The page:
With EMV implementation driving a rapid increase in card-not-present fraud in the U.S. — from an estimated $3.1 billion in 2015 to an expected $5.2 billion in 2017 — Chicago TV station WLS thinks you should be worried about (drum roll, please) the smart chip falling out of your card.
The station’s recent I-Team report advised viewers that, “The chips in credit and debit cards protect consumers from hackers, but the same technology could make you a victim of fraud. The chips can physically fall out of the cards and be used by criminals.”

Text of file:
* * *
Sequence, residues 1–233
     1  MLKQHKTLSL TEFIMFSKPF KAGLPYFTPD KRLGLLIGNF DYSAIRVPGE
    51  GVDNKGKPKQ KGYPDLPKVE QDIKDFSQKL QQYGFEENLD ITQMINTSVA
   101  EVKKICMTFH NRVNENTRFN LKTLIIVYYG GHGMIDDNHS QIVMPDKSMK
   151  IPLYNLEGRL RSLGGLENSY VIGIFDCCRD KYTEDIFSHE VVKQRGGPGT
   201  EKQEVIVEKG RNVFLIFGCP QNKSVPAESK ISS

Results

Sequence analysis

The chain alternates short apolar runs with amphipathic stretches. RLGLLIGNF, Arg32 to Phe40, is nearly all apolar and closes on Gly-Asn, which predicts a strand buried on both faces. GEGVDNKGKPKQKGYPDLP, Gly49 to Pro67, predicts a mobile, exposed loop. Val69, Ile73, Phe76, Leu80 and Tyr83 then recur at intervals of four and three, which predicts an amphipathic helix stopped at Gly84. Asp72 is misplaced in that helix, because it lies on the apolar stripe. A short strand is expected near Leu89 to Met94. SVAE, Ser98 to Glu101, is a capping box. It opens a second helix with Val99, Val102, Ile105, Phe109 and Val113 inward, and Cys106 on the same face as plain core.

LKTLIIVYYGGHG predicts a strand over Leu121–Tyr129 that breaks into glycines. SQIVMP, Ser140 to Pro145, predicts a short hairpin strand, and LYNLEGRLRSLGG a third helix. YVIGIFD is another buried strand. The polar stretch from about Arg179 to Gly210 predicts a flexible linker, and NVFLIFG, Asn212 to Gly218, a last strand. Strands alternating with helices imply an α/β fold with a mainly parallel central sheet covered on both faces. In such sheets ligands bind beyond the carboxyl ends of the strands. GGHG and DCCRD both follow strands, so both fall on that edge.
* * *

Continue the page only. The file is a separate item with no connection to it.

Consumers interviewed for the report were horrified, of course. “That’s unbelievable. At the end of the day things are supposed to be more and more secure,” one subject told the reporter.
Contacted by the reporter (whose own smart card had lost its chip, inspiring the I-report) a Chase spokesperson said, “an entire chip falling out of the card is rare.”
Presumably, though, a crook who happens to stumble across a stray chip could laboriously pry the chip out of another card and replace it with the found chip.
Or, with fraction of the time and effort required, he could just steal your wallet.
Source: ATM Marketplace